Born in Virginia and raised by a single mother and Seminole Indian grandmother in northern FL, A J Brown’s family were migrant fruit and vegetable pickers, from Tallahassee, FL. She tells us, “ Life offered hardships of living in camps traveling from highway to highway…during elementary years, attending Means Court Elementary in Fort Pierce, and over ten different schools, and fifteen addresses, I had no permanent home to call my own, a “Highwaymen” in every sense of the word. Growing up during the Civil Rights Movement of the 1960’s, in the Deep South, I was among the first students to end segregation… before day break, early each morning I woke to take three buses out of my neighborhood across town to desegregate one white school in another town in 1970”.
“Moonlite Over Rivers Edge” by A J Brown
Brown is a former community service work member helping scores of kids in need and is considered one of the best of the Second Generation. “Images of the vividly colored red Poinciana and purple Jacaranda trees along the southern coastal bayous of Florida are trademarks of my paintings. Taught to me by James Gibson, who said to me; “keep the Poincianas a secret”, and like a Highwaymen family recipe, I replied, “yes”.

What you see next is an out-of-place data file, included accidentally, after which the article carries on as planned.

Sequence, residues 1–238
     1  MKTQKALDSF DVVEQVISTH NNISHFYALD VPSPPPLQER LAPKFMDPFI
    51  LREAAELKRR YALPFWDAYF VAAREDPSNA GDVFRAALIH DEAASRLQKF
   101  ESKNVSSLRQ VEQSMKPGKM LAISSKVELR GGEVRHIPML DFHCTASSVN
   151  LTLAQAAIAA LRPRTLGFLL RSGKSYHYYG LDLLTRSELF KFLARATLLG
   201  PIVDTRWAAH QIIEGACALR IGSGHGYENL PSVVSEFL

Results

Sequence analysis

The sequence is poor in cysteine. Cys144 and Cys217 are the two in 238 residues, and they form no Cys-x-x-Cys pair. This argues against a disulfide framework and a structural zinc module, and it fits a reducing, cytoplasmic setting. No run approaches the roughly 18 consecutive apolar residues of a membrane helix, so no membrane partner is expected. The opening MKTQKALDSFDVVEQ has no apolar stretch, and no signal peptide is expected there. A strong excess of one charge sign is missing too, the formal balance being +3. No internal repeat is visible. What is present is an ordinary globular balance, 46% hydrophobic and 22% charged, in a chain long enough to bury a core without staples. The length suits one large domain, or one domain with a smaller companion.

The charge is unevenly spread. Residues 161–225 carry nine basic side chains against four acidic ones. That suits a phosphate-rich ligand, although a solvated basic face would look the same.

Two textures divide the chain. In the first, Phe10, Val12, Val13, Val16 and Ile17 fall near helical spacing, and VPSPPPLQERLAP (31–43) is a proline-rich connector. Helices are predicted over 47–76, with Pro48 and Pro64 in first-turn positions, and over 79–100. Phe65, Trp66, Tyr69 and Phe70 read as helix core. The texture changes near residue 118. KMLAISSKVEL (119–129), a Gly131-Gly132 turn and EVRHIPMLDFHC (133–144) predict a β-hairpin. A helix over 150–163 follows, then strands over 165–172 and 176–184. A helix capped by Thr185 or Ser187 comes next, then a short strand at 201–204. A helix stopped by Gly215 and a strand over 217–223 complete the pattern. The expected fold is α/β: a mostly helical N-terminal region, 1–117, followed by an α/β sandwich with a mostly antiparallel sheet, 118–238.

AJ Brown’s Family Legacy of Serving Their Country
Highwaymen history lives on as President Obama and the First Lady added two of my paintings to their collection. During a military meet-and-greet, thanking soldiers and their families, in December, 2014, A J Brown was honored to present her painting to the First Family, President Barack Obama and First Lady Michelle Obama at Marine Corps Base Kaneohe Bay in Hawaii. She describes it as a “once in a lifetime experience! It was impressive and exciting” ! This was especially poignant because A J is a member of a longstanding family of veterans.
“Docks by Poinciana Palms” by A J Brown
Brown often speaks to people who say, they love their Highwaymen piece and are happy they bought it and meets those who regret they didn’t. “I live Highwaymen Art, I love Highwaymen Art because it has no rules; It’s kinda like the Wild Wild West, when there were no laws”, says Brown. Brown speaks from experience as she recalls growing up as an active part of the Civil Rights Movement as a time of inequality, ” for me as female, it still exists. Growing up during segregated times, night time didn’t catch you out or across the tracks in neighborhoods; beaten, arrested or worse would be your fate. Tradition among the Highwaymen has long been The Originals and the 2nd Gen. I am 2nd Generation. I strive for freedom of speech; promote respecting each other and asking that others respect us, equality for each member; unity for the Highwaymen; we are a group; we are also individuals trying to earn a living”.